Leave it to friends to push boundaries. My friend and flight instructor, John Collins, invited Hubby and me to accompany him and his wife P.D. on a weekend sailing in Tampa Bay. I told him not to be offended if I stayed in a lifejacket the whole time. As someone who drowned at age thirteen, I get a teeeeensy bit anxious on boats beyond sight of land. Tampa Bay offered sailing within my panic boundaries, so I packed a bag.
John and PD love to travel. Hubby and I have accompanied them to remote Bahamian islands, to New York City, to the Albuquerque Balloon Fest, to the Blue Ridge Mountains, to Carlsbad Caverns, to Lajitas Resort along the Rio Grande in Texas, to Triple Tree Fly-In, and to Oshkosh Wisconsin for the World’s Greatest Aviation Celebration. We’ve hiked, biked, spelunked, flown, snorkeled, danced, and motor-boated with them before. Sailing would be a new experience to share.
Hubby assured me we’d be fine. His ulterior motive included sailing lessons in our future. So we loaded food and supplies in the rental boat and John talked Hubby through motoring out of the marina. ‘Captain’ John recited terminology we’d need to know. Being a visual learner, I created images to remember them: as the bow (bowing forward), aft (using the other name for donkey), port (as if holding a glass of it in my left hand), and starboard (telescope in my right hand). Tacking, jib and mainsail were explained while I was gaping at a Mooney taking off from Albert Whitted airport over our heads.
Gently gliding by red and green channel markers, we set out on a sunny, breezy Saturday morning. A Blues festival played in the background. I tamped down anxiety by remembering how I had faced the fear of drowning by learning to swim. Even became a lifeguard in high school. Swam a mile two days a week while Hubby was in grad school. Learned to waterski and even barefoot skied. Okay, well, the barefooting experience meant six seconds of glory followed by six weeks of physical therapy. Ever get a brain enema from getting slapped by a lake? Eyelids flipped back. Later discovered why the fall hurt so bad. During my wipeout–the one Hubby still regrets he didn’t capture on video–my feet hit the back of my head. The essence of slapstick comedy is watching someone else get hurt….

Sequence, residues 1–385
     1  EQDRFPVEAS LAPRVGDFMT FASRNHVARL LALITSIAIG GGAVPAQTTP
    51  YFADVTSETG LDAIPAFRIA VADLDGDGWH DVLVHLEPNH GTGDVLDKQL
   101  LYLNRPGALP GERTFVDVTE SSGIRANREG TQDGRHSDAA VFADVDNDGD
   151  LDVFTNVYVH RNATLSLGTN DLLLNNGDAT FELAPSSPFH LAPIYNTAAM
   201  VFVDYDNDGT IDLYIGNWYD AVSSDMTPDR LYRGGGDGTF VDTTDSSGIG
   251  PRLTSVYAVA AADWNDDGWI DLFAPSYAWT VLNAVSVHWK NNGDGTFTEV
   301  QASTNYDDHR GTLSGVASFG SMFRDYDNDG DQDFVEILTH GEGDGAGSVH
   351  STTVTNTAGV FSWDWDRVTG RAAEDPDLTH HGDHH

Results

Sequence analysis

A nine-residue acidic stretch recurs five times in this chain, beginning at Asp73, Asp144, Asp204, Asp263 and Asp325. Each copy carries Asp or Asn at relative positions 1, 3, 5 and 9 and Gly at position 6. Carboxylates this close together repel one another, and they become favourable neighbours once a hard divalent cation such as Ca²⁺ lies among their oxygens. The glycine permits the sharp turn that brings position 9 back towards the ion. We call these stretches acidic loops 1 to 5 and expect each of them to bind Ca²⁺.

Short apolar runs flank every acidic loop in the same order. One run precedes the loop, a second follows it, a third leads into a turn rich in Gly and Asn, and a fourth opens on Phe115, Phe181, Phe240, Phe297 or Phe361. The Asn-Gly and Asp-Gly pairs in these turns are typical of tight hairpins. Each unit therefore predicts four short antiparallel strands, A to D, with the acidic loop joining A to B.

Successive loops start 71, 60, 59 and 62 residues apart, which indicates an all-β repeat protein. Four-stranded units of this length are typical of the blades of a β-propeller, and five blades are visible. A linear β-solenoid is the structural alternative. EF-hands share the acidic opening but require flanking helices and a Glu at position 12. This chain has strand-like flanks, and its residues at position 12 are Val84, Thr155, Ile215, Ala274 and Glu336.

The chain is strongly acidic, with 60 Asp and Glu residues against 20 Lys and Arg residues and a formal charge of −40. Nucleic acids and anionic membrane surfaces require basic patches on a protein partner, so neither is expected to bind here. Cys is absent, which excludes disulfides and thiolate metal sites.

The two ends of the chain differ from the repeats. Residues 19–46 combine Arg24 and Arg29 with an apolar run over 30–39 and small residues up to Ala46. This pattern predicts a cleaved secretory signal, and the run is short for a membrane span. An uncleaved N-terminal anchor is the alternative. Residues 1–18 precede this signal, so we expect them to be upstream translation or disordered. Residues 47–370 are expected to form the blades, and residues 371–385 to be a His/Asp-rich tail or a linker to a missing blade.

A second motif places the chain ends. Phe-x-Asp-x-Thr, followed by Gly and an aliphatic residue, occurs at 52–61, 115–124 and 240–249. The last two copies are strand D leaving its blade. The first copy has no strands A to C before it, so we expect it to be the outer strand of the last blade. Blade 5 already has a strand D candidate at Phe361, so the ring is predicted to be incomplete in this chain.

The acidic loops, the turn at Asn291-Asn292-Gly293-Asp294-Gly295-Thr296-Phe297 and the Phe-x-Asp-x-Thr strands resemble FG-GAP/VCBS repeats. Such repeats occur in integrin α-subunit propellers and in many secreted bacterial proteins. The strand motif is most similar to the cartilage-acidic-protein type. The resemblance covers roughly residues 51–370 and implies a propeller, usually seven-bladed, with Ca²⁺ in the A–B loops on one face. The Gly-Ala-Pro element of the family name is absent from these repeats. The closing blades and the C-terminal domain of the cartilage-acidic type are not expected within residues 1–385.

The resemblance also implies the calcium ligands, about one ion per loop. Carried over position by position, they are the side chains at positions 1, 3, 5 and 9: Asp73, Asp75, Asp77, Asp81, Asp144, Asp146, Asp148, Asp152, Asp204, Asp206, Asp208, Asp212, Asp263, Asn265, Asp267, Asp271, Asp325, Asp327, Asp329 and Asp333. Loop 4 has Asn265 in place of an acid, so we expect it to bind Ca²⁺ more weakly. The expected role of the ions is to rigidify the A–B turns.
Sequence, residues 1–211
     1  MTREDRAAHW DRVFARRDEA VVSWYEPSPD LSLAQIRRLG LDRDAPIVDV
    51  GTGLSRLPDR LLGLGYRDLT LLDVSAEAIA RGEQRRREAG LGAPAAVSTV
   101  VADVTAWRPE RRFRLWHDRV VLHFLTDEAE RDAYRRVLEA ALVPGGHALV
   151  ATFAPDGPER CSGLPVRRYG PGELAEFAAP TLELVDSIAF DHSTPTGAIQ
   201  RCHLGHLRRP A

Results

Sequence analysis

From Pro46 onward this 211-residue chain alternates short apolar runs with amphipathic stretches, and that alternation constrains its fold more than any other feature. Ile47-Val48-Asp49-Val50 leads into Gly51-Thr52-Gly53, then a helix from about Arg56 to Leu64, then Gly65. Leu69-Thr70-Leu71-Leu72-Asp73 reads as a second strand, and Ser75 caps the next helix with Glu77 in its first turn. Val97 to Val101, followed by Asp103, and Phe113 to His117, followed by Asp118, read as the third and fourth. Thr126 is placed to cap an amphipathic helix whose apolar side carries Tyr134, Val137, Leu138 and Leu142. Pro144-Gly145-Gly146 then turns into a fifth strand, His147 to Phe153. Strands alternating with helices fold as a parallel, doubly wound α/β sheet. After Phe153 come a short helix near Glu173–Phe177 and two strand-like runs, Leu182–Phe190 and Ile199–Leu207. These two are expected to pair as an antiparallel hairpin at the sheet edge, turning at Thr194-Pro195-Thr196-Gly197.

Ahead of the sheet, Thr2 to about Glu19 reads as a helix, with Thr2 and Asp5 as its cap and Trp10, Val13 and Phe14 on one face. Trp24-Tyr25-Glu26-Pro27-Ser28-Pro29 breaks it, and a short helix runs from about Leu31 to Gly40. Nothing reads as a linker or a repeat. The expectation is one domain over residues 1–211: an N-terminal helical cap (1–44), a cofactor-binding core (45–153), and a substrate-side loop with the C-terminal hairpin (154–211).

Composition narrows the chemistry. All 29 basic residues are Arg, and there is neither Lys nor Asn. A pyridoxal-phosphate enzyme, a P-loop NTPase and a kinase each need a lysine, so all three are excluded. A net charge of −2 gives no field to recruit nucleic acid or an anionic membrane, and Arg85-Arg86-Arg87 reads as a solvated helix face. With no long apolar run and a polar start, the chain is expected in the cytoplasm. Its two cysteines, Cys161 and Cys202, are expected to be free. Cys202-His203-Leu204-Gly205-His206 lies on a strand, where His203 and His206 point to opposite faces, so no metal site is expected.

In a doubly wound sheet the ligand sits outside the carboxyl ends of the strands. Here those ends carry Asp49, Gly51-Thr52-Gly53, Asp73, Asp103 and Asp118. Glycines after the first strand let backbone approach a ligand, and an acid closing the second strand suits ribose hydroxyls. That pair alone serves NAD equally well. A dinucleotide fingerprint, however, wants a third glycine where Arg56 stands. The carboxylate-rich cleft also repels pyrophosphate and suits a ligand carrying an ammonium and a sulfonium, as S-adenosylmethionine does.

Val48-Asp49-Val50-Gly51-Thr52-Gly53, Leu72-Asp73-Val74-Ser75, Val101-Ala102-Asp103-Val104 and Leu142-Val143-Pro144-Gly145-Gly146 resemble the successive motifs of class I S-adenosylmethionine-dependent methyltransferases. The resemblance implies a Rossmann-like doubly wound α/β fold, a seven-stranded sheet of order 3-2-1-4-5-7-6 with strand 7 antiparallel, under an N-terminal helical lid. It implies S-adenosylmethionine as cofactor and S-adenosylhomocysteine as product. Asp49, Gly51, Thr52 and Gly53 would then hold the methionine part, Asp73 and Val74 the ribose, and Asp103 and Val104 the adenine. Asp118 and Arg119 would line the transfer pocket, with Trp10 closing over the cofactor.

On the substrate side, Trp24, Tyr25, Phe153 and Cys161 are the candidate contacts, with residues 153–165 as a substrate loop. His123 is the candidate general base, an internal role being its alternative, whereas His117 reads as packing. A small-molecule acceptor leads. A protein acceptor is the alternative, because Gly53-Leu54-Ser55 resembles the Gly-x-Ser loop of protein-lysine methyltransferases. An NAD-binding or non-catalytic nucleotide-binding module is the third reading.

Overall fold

About the time I was remembering the joys of physical therapy, we passed the last channel marker and John unfurled the sails. With Hubby at the helm, the boat accelerated and started to lean a little. Then more. Then about thirty stinking degrees starboard.
“Now we’re sailing!” John’s grin didn’t comfort me. I bet it used to unnerve his mother and his sisters. From stories I’ve heard, John enjoyed pushing boundaries as a child, too. He probably started a few stunts with, “Hey, y’all watch this!”
I wrestled my camera out for distraction. Hoping that sitting on the bow would minimize the sideways feel of the experience, I groped railings to the very front. Look at the Sunshine Skyway Bridge. Look at the shoreline. Look at the other pretty boats. Look at the fin jutting up from the waves ahead. Eeeep! “Uh, John? I saw a big dark fin.”
“Probably a dolphin.”
Probably. The fin darted through waves and circled around toward the bow. Please be a dolphin. Please. Please. Please. It raced alongside the port bow close enough to hear me thank the Lord. Three more joined in as if nearsighted and trying to identify the white object cutting through waves without a motor. And THAT was the moment sailing became fun for me. That was the moment I smiled back at John, P.D., and Hubby for dragging me from my laptop into daylight.
It was worth spraying on sunscreen. It was worth risking nausea and facing an old fear. It was even worth admitting to ‘Captain’ John that sailing was more fun than expected. I even tried the helm for while and let the sail fill and tilt the boat. Lyrics from a Styx tune played in my head:
Come sail away, come sail away, come sail away with me.
Thanks to John, PD, and Hubby, that song no longer sounds like a threat.